Stress And Your Health

When man first walked the earth, the stress response, fight or flight, was extremely beneficial. The fight or flight response is when hormones increase the heart rate and blood pressure, divert the flow of blood to major muscle group, dilate pupils dilate to take in as much light as possible. Blood sugar levels increase to provide energy to run or fight. Smooth muscles and non essential systems, such as the immune system and digestive system, relax or shut down to give more energy to the rest of the body. If you ran or fought, it would burn off those hormones and the changes would revert back to normal. There would be no negative effect of stress and your health. But fighting or running isn’t appropriate for most of the stresses faced by people today.

Stress plays a huge role in your health.

There are estimates that over three fourths of the visits to doctor’s offices are from ailments caused by stress. Almost half adults have a stress related illness. That doesn’t sound so far fetched when you consider that stress plays a huge role in high blood pressure, diabetes, arthritis and heart disease. Remember, that when you’re under stress, the hormones of stress raise blood pressure and blood sugar levels. If you don’t burn off those hormones and those higher levels remain, you have a problem.

Stress shuts down non-essential systems like the immune system and digestive system.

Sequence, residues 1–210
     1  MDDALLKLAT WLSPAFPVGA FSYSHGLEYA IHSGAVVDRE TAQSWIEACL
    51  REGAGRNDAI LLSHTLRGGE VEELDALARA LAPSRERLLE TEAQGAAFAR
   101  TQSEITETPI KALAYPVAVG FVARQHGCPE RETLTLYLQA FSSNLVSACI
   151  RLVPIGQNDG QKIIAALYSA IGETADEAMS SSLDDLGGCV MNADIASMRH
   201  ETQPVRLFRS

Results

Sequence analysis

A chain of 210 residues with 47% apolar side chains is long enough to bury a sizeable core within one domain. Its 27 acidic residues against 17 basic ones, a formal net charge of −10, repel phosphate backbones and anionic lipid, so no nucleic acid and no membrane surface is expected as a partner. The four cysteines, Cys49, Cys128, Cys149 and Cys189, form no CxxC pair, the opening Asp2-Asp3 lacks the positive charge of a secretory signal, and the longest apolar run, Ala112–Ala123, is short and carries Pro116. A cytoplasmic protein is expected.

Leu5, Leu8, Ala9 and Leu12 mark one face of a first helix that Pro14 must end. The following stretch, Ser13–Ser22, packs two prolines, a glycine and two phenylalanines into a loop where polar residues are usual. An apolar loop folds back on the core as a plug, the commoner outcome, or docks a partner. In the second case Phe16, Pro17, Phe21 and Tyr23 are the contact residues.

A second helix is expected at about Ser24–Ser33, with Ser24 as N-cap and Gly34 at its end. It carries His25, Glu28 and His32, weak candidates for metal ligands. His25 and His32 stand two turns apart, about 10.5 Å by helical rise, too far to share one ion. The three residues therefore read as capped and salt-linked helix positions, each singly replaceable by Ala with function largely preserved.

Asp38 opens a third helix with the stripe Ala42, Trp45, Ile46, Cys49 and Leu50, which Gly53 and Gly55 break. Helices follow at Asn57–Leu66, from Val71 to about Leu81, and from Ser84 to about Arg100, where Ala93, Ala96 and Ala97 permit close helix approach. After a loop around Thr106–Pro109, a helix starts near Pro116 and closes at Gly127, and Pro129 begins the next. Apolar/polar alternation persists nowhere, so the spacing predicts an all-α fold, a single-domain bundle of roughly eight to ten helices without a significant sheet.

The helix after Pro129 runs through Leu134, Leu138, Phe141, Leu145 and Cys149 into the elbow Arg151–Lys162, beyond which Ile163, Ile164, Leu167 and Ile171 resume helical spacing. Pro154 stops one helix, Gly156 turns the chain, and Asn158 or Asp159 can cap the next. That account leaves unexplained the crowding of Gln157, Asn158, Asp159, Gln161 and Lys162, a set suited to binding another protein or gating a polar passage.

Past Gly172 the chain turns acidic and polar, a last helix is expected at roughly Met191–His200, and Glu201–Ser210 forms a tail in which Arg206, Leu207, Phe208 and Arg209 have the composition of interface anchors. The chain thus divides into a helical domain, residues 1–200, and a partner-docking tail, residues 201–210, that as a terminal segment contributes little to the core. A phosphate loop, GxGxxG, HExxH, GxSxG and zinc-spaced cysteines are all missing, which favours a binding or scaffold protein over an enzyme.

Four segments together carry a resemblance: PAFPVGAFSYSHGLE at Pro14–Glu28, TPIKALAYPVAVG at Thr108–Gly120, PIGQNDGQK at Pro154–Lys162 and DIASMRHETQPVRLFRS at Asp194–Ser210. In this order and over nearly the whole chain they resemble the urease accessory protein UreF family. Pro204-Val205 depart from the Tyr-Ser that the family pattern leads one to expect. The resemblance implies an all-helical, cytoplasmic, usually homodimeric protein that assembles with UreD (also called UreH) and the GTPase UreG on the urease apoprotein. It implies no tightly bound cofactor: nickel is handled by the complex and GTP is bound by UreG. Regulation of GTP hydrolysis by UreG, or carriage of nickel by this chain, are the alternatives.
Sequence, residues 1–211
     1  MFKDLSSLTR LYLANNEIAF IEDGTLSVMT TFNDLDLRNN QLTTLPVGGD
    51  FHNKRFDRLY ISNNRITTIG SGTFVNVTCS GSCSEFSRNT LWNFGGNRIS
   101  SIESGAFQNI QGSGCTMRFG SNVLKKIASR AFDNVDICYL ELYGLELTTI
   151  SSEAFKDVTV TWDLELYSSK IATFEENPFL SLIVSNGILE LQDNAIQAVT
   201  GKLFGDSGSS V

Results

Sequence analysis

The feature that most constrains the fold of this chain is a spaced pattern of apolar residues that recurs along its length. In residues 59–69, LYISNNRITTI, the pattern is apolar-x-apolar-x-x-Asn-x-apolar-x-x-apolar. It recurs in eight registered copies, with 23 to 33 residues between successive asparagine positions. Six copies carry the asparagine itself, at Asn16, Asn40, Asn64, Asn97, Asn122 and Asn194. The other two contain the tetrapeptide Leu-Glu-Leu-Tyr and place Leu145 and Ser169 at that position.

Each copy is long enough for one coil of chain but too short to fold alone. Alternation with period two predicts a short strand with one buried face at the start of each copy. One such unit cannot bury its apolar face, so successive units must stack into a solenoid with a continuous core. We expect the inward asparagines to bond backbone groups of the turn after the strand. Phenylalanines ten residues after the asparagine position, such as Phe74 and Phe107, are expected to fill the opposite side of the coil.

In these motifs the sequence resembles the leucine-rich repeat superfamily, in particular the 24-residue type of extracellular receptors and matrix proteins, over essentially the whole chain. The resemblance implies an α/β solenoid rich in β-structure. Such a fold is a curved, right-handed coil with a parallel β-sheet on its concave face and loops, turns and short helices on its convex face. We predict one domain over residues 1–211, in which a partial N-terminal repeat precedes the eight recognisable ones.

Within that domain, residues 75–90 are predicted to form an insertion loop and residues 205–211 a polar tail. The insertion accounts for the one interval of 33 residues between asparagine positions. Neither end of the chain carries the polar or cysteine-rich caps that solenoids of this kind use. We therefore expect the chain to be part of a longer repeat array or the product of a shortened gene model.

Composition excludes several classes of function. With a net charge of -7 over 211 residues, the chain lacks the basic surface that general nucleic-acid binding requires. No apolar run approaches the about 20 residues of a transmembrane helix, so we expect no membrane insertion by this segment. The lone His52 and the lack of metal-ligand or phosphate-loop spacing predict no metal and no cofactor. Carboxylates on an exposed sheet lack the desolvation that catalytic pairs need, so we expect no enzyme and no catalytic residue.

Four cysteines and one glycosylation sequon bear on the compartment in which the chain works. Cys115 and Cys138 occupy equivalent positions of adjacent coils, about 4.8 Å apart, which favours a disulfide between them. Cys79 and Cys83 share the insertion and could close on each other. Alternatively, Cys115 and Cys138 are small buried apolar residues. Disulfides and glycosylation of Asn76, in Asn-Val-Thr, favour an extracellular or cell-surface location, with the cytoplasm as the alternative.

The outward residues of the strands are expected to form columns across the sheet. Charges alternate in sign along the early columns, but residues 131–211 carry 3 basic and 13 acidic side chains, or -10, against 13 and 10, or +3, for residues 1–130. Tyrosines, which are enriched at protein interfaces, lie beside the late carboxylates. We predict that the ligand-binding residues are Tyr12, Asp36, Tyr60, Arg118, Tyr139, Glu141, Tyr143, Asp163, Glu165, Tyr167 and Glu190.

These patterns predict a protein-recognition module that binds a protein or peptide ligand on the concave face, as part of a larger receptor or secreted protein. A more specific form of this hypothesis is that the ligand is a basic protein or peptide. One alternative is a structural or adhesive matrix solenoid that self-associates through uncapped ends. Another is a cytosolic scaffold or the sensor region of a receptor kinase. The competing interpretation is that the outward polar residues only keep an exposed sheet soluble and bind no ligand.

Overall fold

Both of those leave you vulnerable to problems. When your immune system shuts down, it leaves you open to all types of illnesses. The immune system even plays a role in preventing cancer. If you’re prone to a specific disease or have a family history of it, stress opens the pathways and can encourage it to occur. Digestive problems occur and can create permanent changes. One of my clients said that when she started to workout, she had difficulty digesting many foods and after a few months, found most of those problems disappeared.

Stress may be the culprit that makes it easy to gain weight and tough to lose it.

Even though we’ve evolved a great deal, we’re still wired like our ancestors, the early hunter-gatherers. In stressful times, when food was scarce and conditions were harsh, people ate everything they could find no matter how full they were. It might, after all, have to last a long time. Stress brings that out in people today. People under stress may eat as much as 40 percent more food than they normally would, according to a study at the University of Miami. That’s why taking a brisk walk can help curb your appetite.

  • You’ll burn off the hormones of stress with a regularly scheduled program of exercise. It mimics the actions of running or fighting that originally put the body back to normalcy.
  • Stress can cause premature aging. It shortens the telomeres and that prevents new cell growth. It affets vision, muscles, skin tissue and more.
  • Stress can cause damage to the teeth and gums. It triggers grinding and is linked to periodontal disease.
  • Stress affects you emotionally. It can cause depression, anxiety and put you in a bad mood. Exercise can help you shake those problems and have you feeling good again.

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